consider abusive if applied to an American prisoner.
be more urgent in a democratic society than to uphold the
fundamental values of democracy. No branch of government,
including our intelligence services, can be made an
exception to this rule. "Enhanced" interrogation practices
– like waterboarding, hypothermia, long-time standing, sleep
deprivation and the use of psychotropic drugs – which are
part of the CIA interrogation program, contradict our
democratic values as well as essential principles of
morality and faith.
We know you do
not believe that the CIA program includes acts which amount
to torture, but many in our country and around the world
believe they do. The legislation sent to you on the CIA
interrogation program provides you with an opportunity to
clarify to a doubting world that the United States does not
support or use torture.
Torture is an
intrinsic evil. It exercises a corrosive effect on the very
fabric of our society. It is to be rejected not only for
the profound damage it wreaks upon the victim, but also
because of the damage it inflicts, spiritual and physical,
on those who are called upon to practice it and on the
citizens of the country in whose name it is done. It
contradicts the rule of law which must be a focal virtue for
any society that seeks the security and well-being of its
of humanity is clear: once torture has been permitted, it
will spread. It will not be confined to rare cases. It will
be broadly applied, despite all efforts to hold it in check.
A society that embraces torture must inevitably accept moral
breakdown as the outcome of its decision.
historic answer is aligned with the view of communities of
faith: torture must be repudiated absolutely. There can be
no exceptions to this rule. It is a rule that unites
religious conscience with reason. As religious leaders, we
are committed to protecting the life and dignity of every
debate surrounding torture has focused on narrow questions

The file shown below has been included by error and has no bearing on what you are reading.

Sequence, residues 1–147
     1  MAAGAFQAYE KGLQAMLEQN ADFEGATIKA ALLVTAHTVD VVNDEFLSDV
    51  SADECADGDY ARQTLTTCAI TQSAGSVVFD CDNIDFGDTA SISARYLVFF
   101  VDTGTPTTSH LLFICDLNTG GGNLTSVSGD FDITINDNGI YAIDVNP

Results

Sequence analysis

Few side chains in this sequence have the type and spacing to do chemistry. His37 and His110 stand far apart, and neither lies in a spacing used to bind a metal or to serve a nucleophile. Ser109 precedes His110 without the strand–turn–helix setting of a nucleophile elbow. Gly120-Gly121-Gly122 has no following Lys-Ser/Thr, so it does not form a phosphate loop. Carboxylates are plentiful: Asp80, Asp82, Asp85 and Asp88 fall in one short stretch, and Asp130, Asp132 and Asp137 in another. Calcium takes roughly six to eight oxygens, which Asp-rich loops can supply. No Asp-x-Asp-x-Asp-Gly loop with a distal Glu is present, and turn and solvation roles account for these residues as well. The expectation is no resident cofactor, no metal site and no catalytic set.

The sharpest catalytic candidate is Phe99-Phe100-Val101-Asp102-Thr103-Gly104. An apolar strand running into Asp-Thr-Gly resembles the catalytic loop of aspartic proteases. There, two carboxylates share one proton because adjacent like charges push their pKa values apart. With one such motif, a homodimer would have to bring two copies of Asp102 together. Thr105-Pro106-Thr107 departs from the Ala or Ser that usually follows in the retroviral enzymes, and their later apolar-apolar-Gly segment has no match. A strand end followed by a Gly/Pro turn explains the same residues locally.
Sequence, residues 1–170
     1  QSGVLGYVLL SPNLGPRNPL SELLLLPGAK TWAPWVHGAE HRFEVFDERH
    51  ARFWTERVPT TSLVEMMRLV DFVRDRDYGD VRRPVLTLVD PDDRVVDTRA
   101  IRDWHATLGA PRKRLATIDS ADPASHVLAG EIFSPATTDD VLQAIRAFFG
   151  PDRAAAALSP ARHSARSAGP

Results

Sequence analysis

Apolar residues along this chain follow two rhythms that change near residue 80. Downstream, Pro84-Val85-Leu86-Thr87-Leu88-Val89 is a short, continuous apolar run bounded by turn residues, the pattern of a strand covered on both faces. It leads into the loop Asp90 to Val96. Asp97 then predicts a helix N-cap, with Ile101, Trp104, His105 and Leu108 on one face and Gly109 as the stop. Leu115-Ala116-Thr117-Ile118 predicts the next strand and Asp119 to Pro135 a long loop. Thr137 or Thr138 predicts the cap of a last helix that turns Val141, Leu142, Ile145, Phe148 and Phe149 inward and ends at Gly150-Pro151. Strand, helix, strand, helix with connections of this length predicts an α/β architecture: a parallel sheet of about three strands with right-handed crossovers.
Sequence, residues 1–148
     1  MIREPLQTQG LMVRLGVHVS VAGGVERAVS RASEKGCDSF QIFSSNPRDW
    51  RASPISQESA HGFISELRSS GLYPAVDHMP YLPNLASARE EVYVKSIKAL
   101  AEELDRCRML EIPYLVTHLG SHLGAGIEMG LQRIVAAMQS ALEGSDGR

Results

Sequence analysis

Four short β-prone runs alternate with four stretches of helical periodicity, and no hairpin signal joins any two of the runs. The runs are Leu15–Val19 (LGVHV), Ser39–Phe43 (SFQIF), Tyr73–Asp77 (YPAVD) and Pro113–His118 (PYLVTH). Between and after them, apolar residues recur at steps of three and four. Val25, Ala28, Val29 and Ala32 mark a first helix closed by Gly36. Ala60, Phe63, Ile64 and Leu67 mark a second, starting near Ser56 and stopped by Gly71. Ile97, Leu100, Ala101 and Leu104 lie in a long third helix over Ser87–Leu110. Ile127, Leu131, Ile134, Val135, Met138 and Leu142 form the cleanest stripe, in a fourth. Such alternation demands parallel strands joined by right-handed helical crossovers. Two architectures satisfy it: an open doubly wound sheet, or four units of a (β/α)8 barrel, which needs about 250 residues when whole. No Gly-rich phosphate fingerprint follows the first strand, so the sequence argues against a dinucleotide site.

of effectiveness. Yet even a test of efficacy must measure
more than supposed short-term benefits, however unlikely
even those may be. It must test how the use of these tools
affects our nation’s reputation in the world abroad. It
must ask whether a reputation for abusive interrogation
undermines alliances upon which our security must rest and
serves as a recruiting tool for the very people who would
harm us. How can an instrument of defense be effective if
its use causes us to surrender fundamental values and
degrades our self-understanding as a nation? The tools we
use must reflect our religious values and most cherished
We urge you,
Mr. President, to sign the Intelligence Authorization Act,
to put an end to our national nightmare over torture, and to
affirm America's position on the right side of history,
morality and faith. We welcome the opportunity to discuss
this matter with you further. Please have your staff
contact Rev. Richard Killmer (202-547-1920 or
firstname.lastname@example.org) to arrange for a meeting. Thank
Council of the Churches of Christ in the U.S.A.
of North America
Richard J Mouw
Action Center of Reform Judaism
NCC News contact:
Philip E. Jenks, 212-870-2228,
For more information
contact the Rev. Richard Killmer,
Executive Director, National
Religious Campaign Against Torture, 316 F Street NE, Suite 200,
Washington, DC 20002; Tel: 202.547.1920 or 207.846.1614, Fax: